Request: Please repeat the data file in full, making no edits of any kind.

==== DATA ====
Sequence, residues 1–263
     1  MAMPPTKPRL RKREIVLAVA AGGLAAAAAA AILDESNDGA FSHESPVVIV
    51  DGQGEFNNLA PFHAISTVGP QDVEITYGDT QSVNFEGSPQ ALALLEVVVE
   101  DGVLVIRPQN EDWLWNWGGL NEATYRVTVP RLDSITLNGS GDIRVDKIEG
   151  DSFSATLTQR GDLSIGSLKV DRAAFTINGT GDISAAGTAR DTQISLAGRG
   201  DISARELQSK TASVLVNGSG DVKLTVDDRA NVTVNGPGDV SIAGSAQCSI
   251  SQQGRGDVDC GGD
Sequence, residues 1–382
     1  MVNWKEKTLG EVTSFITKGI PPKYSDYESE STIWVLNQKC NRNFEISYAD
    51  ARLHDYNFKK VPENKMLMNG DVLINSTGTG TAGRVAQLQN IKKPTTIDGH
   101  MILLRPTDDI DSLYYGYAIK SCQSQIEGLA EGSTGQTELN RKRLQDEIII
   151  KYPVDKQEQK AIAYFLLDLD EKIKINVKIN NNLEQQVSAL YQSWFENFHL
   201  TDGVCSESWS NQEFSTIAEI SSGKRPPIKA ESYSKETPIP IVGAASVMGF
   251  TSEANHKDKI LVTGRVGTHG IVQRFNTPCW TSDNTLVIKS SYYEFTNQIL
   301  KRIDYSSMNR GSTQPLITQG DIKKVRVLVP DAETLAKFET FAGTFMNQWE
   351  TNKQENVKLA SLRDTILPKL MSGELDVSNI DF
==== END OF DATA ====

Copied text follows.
Sequence, residues 1–263
     1  MAMPPTKPRL RKREIVLAVA AGGLAAAAAA AILDESNDGA FSHESPVVIV
    51  DGQGEFNNLA PFHAISTVGP QDVEITYGDT QSVNFEGSPQ ALALLEVVVE
   101  DGVLVIRPQN EDWLWNWGGL NEATYRVTVP RLDSITLNGS GDIRVDKIEG
   151  DSFSATLTQR GDLSIGSLKV DRAAFTINGT GDISAAGTAR DTQISLAGRG
   201  DISARELQSK TASVLVNGSG DVKLTVDDRA NVTVNGPGDV SIAGSAQCSI
   251  SQQGRGDVDC GGD
Sequence, residues 1–382
     1  MVNWKEKTLG EVTSFITKGI PPKYSDYESE STIWVLNQKC NRNFEISYAD
    51  ARLHDYNFKK VPENKMLMNG DVLINSTGTG TAGRVAQLQN IKKPTTIDGH
   101  MILLRPTDDI DSLYYGYAIK SCQSQIEGLA EGSTGQTELN RKRLQDEIII
   151  KYPVDKQEQK AIAYFLLDLD EKIKINVKIN NNLEQQVSAL YQSWFENFHL
   201  TDGVCSESWS NQEFSTIAEI SSGKRPPIKA ESYSKETPIP IVGAASVMGF
   251  TSEANHKDKI LVTGRVGTHG IVQRFNTPCW TSDNTLVIKS SYYEFTNQIL
   301  KRIDYSSMNR GSTQPLITQG DIKKVRVLVP DAETLAKFET FAGTFMNQWE
   351  TNKQENVKLA SLRDTILPKL MSGELDVSNI DF